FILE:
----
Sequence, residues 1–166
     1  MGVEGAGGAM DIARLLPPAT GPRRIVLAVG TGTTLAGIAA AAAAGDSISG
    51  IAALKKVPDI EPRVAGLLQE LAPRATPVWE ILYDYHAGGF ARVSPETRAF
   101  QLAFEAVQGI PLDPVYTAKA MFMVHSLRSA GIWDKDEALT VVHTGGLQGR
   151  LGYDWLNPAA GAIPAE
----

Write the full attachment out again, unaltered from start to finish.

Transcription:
Sequence, residues 1–166
     1  MGVEGAGGAM DIARLLPPAT GPRRIVLAVG TGTTLAGIAA AAAAGDSISG
    51  IAALKKVPDI EPRVAGLLQE LAPRATPVWE ILYDYHAGGF ARVSPETRAF
   101  QLAFEAVQGI PLDPVYTAKA MFMVHSLRSA GIWDKDEALT VVHTGGLQGR
   151  LGYDWLNPAA GAIPAE